Wow. It’s been a long time since I’ve last posted. This is mainly due to the fact that my internet at home is out, and I didn’t really feel like typing a post on a cell phone. Once I realized I could use the computers at the library to post, it was just pure laziness.
But I digress.
Lately I’ve been fixated on the topic of Narrativism in roleplaying games. Here’s some food for thought: If the players are controlling protagonists moving through an actual plot, then why does a session report translated into prose feel so different than an actual story? My answer is that in traditional RPGs, everything is tailored to make the outcomes and actions and conflicts “realistic”. Stories aren’t realistic. They’re stories. They’re full of million-to-one chances that go right at just the right moment, rather than ten-to-one chances that go right when the dice feel like it. When something happens, it’s because it drives the story in the right direction, not because of randomness or shrewd resource management. In short, probability is art’s bitch when it comes to stories. In RPGs, the reverse is true.
Recently I learned that one of my favorite sites, TvTropes, has a very active PBP roleplaying section of their forum. I quickly learned that a majority of their threads are Freeform, meaning the roleplaying has zero or nearly zero rules. Usually, there are just a few guidelines mostly relating to play style. The traditional Game Master/Player relationship is kept (sometimes not even that), but nothing else. Success at actions is left up to the player to decide, and conflict resolution is usually either decided by the GM or resolved by one party simply accepting defeat for the sake of the story. Basically, playing a character in this instance means narrating the bits of the story relating to your character, and leaving the world and NPCs to the GM. This allows much more narrative control, making it more like a collaborative story than an RPG. The roleplaying is still there, but there’s more focus on writing a story than being a character.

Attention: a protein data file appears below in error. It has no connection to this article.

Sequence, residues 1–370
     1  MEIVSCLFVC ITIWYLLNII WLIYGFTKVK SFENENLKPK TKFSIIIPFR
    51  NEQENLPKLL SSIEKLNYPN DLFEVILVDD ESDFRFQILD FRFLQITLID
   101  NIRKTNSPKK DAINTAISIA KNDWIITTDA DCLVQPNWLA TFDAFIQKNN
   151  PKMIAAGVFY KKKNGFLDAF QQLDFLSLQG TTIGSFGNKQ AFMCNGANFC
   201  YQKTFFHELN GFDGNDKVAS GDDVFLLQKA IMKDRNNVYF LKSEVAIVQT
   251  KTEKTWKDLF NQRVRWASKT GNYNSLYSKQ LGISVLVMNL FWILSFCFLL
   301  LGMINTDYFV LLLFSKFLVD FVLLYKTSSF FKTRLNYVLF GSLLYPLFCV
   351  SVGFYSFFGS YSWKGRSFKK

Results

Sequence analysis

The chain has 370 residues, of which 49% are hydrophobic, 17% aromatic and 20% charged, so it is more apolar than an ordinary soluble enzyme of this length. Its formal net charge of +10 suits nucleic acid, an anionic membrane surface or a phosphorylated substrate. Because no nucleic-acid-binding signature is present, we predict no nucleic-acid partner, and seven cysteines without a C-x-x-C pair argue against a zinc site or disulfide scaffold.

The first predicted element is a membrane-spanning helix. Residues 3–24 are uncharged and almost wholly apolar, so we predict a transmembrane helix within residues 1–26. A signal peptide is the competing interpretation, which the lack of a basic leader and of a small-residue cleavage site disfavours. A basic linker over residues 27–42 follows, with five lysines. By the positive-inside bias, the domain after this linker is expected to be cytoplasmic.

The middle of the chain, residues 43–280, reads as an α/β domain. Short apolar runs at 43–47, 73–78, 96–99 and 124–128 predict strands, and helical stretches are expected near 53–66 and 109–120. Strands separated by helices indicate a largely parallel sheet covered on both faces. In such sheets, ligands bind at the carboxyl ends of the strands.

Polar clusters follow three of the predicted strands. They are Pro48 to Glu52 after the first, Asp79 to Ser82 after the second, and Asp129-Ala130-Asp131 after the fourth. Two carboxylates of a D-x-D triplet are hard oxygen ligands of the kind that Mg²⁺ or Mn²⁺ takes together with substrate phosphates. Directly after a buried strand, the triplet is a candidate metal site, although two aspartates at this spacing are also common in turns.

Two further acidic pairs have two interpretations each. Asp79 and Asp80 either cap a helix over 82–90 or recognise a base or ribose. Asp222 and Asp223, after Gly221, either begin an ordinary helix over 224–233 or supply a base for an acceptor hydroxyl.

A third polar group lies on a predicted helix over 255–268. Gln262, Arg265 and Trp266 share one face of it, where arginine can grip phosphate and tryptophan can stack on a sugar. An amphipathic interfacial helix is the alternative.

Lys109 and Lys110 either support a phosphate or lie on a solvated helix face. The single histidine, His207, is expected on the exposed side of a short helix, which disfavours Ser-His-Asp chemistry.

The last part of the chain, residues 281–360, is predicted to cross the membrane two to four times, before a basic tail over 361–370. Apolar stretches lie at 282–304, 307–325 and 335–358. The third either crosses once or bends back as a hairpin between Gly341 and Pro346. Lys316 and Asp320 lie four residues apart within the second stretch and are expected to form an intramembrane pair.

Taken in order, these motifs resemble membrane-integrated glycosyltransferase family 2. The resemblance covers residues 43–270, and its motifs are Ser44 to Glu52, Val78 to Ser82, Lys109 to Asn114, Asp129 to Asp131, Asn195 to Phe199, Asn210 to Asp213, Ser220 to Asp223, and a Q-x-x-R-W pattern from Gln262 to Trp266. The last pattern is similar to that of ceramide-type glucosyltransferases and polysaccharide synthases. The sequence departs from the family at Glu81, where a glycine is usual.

I’ve realized some things with this. First, I am a die hard Narrativist (which, given my interest in storytelling, isn’t surprising; perhaps this has also led to my hatred of munchkins). Second, freeforming allows for a more compelling and entertaining narrative, and is just plain fun. I recommend it to gamers and writers alike. Third, be careful creating a half-wolf character in a silly campaign. It leads to very freaked-out catmen.
Stay smart, folks.